Application Of Zn And B On Citrus Biology Essay

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Chapter 2

Citrus is the pioneer fruit crop of the country and its productivity depends on many factors such as climate, site, varieties, root stock, fertilization, irrigation, soil management, pest and disease control etc. Among the all above factors, adequate supply of plant nutrients seems to be a very important factor not only for development of vegetative structures and flowers but also give regular harvest of good quality fruits. Along macronutrients, availability of micronutrients is also needed for higher yield as well as good quality fruits (Ioannis, 2004).

2.1: Zn and B essentiality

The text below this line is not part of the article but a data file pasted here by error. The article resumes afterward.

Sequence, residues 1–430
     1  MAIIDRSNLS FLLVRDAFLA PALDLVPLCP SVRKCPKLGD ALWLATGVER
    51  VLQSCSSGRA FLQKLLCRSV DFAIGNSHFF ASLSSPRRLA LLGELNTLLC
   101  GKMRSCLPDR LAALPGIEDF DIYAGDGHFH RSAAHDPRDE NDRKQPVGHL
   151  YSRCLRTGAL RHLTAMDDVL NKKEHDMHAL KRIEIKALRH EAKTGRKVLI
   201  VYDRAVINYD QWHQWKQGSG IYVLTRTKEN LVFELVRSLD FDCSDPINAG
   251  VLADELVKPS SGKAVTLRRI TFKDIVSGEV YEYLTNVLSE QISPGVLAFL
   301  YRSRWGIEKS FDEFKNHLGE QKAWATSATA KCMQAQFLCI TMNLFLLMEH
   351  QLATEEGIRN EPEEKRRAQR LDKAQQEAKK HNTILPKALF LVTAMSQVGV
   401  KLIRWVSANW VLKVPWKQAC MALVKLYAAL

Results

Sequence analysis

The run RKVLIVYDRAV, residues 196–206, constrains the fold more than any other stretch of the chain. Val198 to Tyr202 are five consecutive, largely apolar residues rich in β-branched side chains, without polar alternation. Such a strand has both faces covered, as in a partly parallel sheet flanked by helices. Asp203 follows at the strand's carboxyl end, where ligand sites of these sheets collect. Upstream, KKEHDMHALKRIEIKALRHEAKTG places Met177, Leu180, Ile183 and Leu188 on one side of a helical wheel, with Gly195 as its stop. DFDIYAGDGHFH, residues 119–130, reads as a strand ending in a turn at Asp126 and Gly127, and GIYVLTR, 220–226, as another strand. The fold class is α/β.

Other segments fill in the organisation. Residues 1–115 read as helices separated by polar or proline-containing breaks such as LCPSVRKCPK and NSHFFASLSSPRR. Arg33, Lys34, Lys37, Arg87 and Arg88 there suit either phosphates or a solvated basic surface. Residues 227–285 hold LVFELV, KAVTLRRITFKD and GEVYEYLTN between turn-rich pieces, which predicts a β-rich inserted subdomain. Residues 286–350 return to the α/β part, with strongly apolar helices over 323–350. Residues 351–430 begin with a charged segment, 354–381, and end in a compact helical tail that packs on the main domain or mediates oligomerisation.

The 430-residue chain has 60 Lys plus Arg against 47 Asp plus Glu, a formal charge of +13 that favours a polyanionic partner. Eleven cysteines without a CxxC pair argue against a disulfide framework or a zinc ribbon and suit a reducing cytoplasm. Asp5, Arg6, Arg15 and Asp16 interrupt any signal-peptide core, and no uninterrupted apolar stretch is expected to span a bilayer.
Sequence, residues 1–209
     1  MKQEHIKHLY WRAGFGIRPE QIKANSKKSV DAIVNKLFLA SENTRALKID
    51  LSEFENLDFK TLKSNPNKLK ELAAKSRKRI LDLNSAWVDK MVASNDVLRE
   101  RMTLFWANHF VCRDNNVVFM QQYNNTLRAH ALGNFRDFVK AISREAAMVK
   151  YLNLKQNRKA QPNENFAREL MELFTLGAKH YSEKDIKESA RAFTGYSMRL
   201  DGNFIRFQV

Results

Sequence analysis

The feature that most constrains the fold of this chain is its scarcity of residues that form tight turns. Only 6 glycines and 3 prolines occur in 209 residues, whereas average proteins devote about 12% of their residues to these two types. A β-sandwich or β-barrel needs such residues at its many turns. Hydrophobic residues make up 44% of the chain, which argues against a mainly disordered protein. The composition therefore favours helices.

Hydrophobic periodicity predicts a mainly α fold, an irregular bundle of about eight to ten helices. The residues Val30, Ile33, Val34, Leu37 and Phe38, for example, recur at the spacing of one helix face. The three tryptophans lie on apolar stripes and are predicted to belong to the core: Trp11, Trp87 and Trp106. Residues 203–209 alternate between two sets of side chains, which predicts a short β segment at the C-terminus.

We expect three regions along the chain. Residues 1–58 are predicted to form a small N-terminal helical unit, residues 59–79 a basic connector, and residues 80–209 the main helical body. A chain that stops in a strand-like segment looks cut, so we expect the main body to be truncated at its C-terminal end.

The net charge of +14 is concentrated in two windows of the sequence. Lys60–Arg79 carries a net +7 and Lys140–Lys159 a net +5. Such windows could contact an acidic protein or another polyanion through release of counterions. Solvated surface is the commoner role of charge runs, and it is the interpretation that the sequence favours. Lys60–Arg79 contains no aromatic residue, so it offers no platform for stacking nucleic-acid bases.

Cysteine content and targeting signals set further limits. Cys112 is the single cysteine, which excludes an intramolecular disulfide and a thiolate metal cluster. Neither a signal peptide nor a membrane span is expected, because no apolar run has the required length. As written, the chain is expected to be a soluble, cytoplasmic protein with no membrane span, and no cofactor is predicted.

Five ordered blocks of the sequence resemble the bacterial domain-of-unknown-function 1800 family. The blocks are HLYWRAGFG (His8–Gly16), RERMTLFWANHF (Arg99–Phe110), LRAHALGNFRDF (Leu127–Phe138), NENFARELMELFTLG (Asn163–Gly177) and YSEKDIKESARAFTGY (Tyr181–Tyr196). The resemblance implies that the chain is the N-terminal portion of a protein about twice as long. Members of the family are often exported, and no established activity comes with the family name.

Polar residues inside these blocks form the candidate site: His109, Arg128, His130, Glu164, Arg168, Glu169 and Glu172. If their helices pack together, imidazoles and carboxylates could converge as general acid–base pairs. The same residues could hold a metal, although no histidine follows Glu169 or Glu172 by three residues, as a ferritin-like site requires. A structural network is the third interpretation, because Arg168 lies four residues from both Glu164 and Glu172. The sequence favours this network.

Along with macronutrients micronutrients are also essential for the survival of an animal and as well as of a plants. Among various micronutrients Zn and B are needed for healthy growth of humans, animals and plants among the other 16 essential elements existing in nature (Miller et al., 1991; Fageria et al., 2002; Warington, 1923). In Australia, the first recorded increase in plant growth to Zn fertilizer was for citrus (Pitman and Owen, 1936). Zn is involved in the activation of many growth hormones like auxins, NAA, gibberellic acid. It is required for the activity of various enzymes, such as dehydrogenases, aldolases, isomerases, transphosphorylases, RNA and DNA polymerases (Kessler and Monselise, 1959; Kessler, 1961). It is involved in carbohydrate and protein metabolism (Jyung et al., 1975). The B requirement for plant growth was first demonstrated in the early 1920s (Warington, 1923), and since then B has been established as an essential micronutrient for all vascular plants. B is one of seven essential micronutrients required for plant growth and development (Gupta, 1979). However, B is unique as a micronutrient in that the threshold between deficiency and toxicity is narrows (Yau and Ryan, 2008). The role of B in plant nutrition is little understood, which is surprising, since on a molar basis the requirement for B is, at least for dicotyledons, higher than that of any other micronutrient (Nable et al., 1997). B has restricted mobility in some plant species and is freely mobile in others (Brown and Shelp, 1997). It is also involved in photosynthesis (El-Shintinawy, 1999) as well as affects the antioxidant system of plant (Han et al, 2009). B is more active in growing parts of plant and required for the maintenance of structure and functions of membranes especially of plasma membrane, involved in cell elongation (pollen tube) and root growth (Goldbach et al., 2001; Brown et al., 2002).